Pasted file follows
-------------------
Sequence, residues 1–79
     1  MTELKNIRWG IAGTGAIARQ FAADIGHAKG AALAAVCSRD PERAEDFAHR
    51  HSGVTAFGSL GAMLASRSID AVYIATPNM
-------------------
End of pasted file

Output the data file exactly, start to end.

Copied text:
Sequence, residues 1–79
     1  MTELKNIRWG IAGTGAIARQ FAADIGHAKG AALAAVCSRD PERAEDFAHR
    51  HSGVTAFGSL GAMLASRSID AVYIATPNM